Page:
A first for me yesterday as I played the music at a roller disco. This was interesting. I never knew that roller discos were still going strong, but evidently they are.
I know kids arse about on those sharp bladey things, of course, but they seem to be the preserve of shopping precincts at twilight rather than organised rinks, and these kids can do all sorts of turns and acrobatics as opposed to just careering with limited control in an anti-clockwise direction round a large bit of parquet floor.
This was a council event in a town centre square in Stockport, and the rink was an open air oblong owned and erected by a mobile roller disco company. Skating marshals with orange tabards and legwarmers were hired to guide the skaters around and pick up the (many) stumblers, and then I turned up with my CD wallet under instruction to play non-stop 70s and 80s.
Seven hours of it, and it was terrific fun. While I like to think my maturity threshold can be set to a reasonably high level most of the time, and my sense of humour is best triggered by highbrow acts or words, it is still really funny when somebody falls entirely arse over tit on a roller skating rink.
I essentially was watching a You've Been Framed DVD on repeat play, while offering Stockport town centre everything from the Hues Corporation to Rick Astley including, naturally, a certain song by Cliff Richard.
Roller discos, you may not immediately realise, are a measurement of how good a parent you are. Many a mum or dad took a small child on to the rink and therefore had to try to teach both the sprog and themselves to skate simultaneously. Some parents were less keen to learn, and stayed on their own sturdy soles while gently helping the be-wheeled kid round and round.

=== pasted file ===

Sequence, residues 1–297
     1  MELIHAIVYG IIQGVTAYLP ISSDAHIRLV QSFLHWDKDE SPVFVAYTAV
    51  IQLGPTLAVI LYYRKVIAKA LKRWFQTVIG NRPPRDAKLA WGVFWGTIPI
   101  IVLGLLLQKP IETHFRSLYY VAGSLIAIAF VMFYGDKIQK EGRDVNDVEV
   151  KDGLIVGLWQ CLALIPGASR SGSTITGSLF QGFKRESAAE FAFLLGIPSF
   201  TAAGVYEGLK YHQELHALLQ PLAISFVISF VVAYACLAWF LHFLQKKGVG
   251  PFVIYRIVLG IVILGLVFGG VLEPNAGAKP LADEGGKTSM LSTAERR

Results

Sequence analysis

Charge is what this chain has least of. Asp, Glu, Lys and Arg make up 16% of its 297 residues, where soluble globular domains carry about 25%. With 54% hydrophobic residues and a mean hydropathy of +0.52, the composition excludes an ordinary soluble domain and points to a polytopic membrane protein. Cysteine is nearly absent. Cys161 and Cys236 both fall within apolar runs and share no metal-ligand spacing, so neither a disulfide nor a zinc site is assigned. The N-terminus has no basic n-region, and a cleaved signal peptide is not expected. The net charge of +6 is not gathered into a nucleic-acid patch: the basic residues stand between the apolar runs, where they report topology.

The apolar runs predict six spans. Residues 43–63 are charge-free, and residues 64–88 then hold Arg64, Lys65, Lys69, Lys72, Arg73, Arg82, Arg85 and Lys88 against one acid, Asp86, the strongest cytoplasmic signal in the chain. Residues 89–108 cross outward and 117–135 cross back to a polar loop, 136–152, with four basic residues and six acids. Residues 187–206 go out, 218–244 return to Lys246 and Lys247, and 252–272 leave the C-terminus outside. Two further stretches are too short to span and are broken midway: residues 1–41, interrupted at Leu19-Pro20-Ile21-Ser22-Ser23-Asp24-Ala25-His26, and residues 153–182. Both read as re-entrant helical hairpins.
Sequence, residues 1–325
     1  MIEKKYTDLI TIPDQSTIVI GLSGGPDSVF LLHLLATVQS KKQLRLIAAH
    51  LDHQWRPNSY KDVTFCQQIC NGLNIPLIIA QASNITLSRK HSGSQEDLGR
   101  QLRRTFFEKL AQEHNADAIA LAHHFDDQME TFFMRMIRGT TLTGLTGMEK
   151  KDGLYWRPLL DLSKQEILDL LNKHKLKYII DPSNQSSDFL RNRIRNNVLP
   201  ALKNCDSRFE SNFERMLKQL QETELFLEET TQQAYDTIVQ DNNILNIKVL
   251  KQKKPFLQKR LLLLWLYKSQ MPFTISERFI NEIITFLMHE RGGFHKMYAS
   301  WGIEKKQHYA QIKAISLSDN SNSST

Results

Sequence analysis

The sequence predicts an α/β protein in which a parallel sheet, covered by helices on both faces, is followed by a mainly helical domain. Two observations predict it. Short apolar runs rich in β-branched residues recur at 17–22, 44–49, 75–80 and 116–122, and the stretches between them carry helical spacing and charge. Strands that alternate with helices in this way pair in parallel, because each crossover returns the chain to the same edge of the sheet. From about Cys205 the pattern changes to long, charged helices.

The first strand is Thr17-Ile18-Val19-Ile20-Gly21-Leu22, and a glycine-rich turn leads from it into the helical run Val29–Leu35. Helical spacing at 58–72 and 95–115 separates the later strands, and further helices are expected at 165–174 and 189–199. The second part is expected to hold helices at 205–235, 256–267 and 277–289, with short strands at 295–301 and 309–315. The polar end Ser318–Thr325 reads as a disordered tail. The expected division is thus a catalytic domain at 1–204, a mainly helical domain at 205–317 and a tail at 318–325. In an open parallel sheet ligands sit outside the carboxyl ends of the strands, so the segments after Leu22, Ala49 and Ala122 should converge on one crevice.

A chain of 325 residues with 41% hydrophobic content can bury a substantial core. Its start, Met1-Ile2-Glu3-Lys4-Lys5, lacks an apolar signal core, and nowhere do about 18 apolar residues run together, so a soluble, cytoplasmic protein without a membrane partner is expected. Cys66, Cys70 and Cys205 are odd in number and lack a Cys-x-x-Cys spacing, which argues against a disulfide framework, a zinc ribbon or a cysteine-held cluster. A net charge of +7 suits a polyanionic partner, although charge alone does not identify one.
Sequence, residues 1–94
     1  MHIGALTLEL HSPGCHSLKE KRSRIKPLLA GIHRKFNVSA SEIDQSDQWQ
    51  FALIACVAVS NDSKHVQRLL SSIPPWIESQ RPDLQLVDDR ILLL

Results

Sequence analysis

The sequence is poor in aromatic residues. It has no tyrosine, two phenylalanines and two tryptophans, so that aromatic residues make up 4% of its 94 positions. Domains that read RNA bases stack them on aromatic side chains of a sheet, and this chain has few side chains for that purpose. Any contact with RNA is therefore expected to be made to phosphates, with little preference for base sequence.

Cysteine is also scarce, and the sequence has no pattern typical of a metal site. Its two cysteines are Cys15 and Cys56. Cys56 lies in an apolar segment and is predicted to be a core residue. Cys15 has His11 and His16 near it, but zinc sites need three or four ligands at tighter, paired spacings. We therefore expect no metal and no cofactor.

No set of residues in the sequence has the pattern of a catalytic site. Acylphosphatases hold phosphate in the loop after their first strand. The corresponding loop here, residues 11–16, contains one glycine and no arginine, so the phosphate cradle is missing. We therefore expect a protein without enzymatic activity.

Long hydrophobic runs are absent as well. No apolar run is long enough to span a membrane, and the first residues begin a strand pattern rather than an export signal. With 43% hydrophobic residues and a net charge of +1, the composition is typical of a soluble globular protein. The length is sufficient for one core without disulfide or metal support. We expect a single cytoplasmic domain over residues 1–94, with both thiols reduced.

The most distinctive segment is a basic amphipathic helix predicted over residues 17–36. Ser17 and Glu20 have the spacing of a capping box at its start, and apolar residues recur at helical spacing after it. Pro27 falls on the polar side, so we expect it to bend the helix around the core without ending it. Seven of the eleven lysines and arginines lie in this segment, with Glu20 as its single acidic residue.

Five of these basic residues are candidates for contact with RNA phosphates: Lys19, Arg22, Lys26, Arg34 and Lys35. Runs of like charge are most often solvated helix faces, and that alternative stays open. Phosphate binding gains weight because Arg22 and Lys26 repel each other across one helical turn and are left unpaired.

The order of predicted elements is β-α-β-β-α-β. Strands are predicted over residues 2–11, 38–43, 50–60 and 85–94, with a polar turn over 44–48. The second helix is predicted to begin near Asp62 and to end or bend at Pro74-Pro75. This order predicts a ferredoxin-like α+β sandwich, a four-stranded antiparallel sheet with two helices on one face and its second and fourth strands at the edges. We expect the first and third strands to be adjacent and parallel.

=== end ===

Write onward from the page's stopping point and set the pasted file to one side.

Cocky kids, especially lads, got their comeuppance. Some local wannabe jikes with branded shoulder bags and those horribly chunky exterior chains, had a go and just as they began to show off to their mates or girlfriends, would take an almighty tumble. The bruising suffered by their bottoms and elbows was nothing compared to that of their egos. I was being paid to laugh at them. And boy, did I laugh.
And it enlightened me as to how many people still roller skate as a pastime, with some expert skaters coming in from elsewhere in the north west just because the online roller fraternity had revealed that a free open air rink was being erected in Stockport. They turned up with their skates, did lap after lap after lap for hours on end, and then went home. One girl said she'd driven in from Burnley. A chap told me he had been skating in Ashton-under-Lyne for 30 years.
Naturally, I stayed well away. In Hull we had a roller rink called Blisters in the 1980s which I, along with every person of my generation, visited in the school holidays and at weekends. I actually remember very little about it, but a casual mention on Facebook of my weekend gig brought out loads of memories from old schoolpals about going along. Like a lot of people, I went only a handful of times, realised that paying good money to just fall over for two hours wasn't exactly value for money, and returned to kicking a ball instead. See also the fad for ice skating which hit the city when the ice arena was inaugurated in the late 80s.
So, seven hours of retro tunes while people lost their bearings, balance and dignity. The sun was out. People were smiling. There are worse ways to earn a living.